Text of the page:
Naila’s story has a happy ending – what nearly happened is too awful to contemplate…

For Naila, it was a school day, like every other…
“My parents left at 6.30am as usual,” Naila remembers.
“After some time, I went to the shop to buy some stuff to cook breakfast for my brothers.”
However, her day took a shocking turn for the worse.
“When I reached there my Muslim friend Sidra was there. She called me over and we were good friends, so I had no hesitation. She asked me to sit in the van.”
“When I asked why, she began pushing me into the van.”

It was so sudden I couldn’t understand what was happening. When I looked around, I saw that her brother and their other cousins were already sitting in the van. When I asked them what they were doing they covered my mouth with a cloth, and I passed out. As I came to my senses, I found myself in another city, far from home.

I was taken into a house, where there was a Muslim Cleric. They asked me to recite the words of the Shahada that would convert me to Islam. When I did that, I was told I would be married against my will to Sidra’s brother Shakeel.

I refused to convert. I told them I would die, but I would never give up my religion. This enraged them, and they started threatening to kill my brothers if I didn’t convert.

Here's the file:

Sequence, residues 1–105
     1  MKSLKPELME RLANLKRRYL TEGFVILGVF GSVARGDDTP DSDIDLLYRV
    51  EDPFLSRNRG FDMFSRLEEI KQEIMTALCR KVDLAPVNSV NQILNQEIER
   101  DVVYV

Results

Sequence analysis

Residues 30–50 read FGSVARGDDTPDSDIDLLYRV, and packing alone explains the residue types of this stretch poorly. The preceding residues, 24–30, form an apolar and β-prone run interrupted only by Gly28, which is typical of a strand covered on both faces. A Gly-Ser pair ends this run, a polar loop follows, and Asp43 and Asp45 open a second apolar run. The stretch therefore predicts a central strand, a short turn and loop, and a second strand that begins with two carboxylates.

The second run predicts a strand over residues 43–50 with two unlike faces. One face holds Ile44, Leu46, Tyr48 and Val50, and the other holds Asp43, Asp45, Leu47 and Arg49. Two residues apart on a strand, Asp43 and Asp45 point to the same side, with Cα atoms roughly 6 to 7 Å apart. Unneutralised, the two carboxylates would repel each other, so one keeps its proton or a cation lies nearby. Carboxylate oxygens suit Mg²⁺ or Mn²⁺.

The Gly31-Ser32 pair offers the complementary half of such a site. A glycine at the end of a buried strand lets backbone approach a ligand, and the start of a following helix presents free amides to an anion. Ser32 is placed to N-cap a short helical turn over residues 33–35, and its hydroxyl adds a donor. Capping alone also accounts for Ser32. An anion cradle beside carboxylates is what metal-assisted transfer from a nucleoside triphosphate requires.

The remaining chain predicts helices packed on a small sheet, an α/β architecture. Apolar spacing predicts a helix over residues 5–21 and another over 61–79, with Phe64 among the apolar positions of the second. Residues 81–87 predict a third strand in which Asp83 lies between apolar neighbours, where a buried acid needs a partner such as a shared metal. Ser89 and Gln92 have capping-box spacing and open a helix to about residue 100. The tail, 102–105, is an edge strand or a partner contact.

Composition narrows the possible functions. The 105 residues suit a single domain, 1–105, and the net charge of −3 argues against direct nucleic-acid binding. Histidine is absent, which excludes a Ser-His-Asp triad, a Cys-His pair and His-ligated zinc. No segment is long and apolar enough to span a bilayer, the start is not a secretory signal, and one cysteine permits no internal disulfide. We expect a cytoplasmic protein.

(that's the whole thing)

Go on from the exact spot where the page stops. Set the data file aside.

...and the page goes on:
“I refused many times, and then they decided to take me to Rawalpindi, another town. When we arrived in Lala Mousa, the road was blocked due to a religious procession, we were stuck and then a plan came to my mind. I told them I had to use the ladies’ room. They allowed me to go, and as soon as I approached the procession, I started shouting for help, pointing to the van.
“When I told them I was abducted, people ran to the van to grab them. Sidra and her family fled quickly and thank God I was saved.”

The strangers went on to phone her father and bought her a return ticket.

“At about midnight on the same day of my abduction I was back at the Sialkot Bus Station, where my family were waiting for me.”

This is a rare happy ending. Abduction and forced marriages are becoming more and more commonplace in Pakistan. Each one is a heartbreaking tragedy for the girl or young woman kidnapped, not to mention their family. Their daughters can end up permanently separated from their loved ones, in a violent abusive marriage with a much older man, or, worse, they can end up being trafficked into sexual slavery.

And what’s most shocking is that the family generally know full well, who has abducted their daughter. However, the police and authorities fail to act, even siding with the Muslim kidnappers.

CLAAS offers legal aid to make sure that the families have the chance to fight for their daughters’ safety. It also provides emotional support and protection when families are threatened – like Naila and her family, who are now in hiding from reprisals thanks to us.


Support CLAAS and ensure that when another Naila is abducted, there is another happy ending to write about. The alternative is too unspeakable to allow.

With every blessing,

Nasir Saeed

Director of CLAAS-UK.

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